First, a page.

Zebrafish (Danio rerio) is an excellent model to study biological processes and retinal physiology in vivo. Retina-RPE (retinal pigment epithelium) interactions are vital for the correct functioning of the eye and failure in any of these interactive functions can lead to degeneration of the retina and to blinding eye diseases that affect hundreds of millions of people worldwide. Photoreceptor cells shed and renew 10% of their outer segments every day to prevent toxic effects of accumulated photo-oxidative products, requiring efficient phagocytosis controlled by the RPE. Our research aims to resolve individual steps in the critical RPE mediated phagocytosis in live zebrafish to complement the previous ex vivo studies done with rod-dominated animals and in vitro models. We utilize transgenic zebrafish lines together with state-of-the-art imaging techniques to study the crucial retina-RPE interactions in larval and adult zebrafish. In addition, we use histological methods with ex vivo samples.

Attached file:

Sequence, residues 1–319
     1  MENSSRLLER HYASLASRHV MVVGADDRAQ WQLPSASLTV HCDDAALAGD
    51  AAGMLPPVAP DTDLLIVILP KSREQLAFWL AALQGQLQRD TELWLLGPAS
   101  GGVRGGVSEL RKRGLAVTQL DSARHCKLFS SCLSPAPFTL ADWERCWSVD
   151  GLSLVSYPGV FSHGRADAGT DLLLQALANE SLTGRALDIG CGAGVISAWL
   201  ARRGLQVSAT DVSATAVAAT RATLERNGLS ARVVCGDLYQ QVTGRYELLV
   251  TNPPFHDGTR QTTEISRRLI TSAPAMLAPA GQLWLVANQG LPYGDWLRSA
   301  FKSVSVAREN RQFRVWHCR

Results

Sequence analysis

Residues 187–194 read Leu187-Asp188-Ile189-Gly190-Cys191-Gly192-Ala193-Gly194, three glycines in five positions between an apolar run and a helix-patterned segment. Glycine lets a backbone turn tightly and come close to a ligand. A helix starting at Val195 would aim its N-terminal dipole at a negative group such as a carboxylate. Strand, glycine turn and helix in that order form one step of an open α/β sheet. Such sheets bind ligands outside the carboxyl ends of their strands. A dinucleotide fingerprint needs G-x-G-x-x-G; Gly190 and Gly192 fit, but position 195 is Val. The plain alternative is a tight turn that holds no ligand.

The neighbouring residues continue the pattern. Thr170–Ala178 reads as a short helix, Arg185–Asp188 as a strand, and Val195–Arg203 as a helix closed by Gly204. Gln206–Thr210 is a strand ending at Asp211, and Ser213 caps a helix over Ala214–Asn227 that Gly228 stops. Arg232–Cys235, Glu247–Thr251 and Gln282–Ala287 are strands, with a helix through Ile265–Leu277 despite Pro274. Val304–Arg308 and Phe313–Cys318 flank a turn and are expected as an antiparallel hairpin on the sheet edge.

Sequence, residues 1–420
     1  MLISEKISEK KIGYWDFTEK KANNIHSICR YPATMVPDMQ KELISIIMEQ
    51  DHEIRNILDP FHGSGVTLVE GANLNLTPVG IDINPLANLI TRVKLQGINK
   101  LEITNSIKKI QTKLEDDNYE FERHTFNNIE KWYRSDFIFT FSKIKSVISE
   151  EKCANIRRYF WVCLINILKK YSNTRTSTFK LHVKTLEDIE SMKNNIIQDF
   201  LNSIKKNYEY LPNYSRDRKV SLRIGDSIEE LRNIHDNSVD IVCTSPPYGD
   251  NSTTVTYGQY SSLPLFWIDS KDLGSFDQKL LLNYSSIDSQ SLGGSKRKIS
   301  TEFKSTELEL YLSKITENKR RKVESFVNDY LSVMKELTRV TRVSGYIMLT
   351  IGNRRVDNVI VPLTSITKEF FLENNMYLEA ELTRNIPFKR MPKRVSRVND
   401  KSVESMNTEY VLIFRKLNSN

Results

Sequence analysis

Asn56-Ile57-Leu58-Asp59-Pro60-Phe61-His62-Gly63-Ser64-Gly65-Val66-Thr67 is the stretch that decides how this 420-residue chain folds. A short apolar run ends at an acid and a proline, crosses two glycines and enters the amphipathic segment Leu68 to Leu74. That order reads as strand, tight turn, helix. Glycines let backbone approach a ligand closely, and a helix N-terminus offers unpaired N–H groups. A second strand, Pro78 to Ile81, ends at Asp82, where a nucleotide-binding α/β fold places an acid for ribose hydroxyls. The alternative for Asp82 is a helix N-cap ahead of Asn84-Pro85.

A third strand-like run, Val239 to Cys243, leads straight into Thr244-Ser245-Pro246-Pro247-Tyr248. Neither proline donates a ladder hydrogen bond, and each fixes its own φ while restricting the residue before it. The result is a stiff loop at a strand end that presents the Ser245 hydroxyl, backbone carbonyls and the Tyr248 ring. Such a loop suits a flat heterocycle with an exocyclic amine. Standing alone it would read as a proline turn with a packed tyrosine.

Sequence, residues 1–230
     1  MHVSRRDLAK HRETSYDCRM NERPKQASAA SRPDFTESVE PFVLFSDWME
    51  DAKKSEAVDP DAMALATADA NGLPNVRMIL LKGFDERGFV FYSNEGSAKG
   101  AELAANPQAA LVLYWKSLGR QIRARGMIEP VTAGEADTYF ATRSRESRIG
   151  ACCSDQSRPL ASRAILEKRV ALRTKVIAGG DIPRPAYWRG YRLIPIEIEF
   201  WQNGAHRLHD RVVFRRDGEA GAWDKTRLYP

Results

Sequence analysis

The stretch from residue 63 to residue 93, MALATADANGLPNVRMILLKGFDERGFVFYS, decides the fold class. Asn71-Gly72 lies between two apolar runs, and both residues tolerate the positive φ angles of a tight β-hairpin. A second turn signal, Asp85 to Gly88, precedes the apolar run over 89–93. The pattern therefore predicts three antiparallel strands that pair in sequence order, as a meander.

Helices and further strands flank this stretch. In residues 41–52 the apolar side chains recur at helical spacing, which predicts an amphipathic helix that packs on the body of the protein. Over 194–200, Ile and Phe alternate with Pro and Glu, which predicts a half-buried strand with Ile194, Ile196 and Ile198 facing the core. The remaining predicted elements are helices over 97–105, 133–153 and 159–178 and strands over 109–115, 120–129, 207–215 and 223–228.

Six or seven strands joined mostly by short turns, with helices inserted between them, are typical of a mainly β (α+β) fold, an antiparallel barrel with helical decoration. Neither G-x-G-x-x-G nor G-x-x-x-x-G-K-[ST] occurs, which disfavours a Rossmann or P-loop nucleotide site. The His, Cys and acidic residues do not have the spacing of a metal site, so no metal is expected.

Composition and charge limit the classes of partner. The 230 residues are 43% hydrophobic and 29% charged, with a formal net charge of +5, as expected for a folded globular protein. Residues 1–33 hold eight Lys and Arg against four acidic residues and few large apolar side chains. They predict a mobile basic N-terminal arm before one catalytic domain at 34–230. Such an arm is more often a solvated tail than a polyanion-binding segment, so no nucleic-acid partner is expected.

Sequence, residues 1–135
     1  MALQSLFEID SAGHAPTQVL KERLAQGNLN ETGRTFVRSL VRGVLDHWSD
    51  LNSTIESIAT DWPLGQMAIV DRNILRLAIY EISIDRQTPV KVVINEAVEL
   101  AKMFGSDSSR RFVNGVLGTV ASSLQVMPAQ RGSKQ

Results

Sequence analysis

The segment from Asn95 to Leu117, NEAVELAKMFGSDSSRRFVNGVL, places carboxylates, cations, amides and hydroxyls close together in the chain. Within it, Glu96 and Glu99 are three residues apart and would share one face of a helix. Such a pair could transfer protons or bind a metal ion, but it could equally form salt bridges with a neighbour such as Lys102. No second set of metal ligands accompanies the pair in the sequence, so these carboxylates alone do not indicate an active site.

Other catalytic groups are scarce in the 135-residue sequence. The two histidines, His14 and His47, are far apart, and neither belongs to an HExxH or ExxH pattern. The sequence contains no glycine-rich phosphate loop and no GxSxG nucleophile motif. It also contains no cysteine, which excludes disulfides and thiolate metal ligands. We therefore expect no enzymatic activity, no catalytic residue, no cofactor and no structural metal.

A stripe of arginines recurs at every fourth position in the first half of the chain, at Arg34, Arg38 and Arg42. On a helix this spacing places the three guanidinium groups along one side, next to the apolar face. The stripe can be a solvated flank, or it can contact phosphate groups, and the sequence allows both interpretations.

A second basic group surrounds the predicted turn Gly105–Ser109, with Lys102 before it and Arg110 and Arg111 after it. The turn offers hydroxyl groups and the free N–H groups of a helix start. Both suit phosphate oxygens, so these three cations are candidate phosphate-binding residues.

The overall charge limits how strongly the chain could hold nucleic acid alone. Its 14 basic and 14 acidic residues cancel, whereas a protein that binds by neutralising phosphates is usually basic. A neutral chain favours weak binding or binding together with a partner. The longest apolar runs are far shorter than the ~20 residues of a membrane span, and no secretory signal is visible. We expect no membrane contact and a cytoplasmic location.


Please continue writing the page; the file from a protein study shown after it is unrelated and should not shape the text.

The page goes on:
Recent work in our group has demonstrated how electrical signaling through voltage-gated sodium channels (NaV) is vital for the RPE physiology and regulation of the phagocytosis. However, detailed understanding of how ion channels affect the phagocytosis, including its dynamics, have not yet been resolved. Our aim is to identify different ion channels present in the zebrafish RPE to study their physiological roles and function in the RPE mediated phagocytosis process.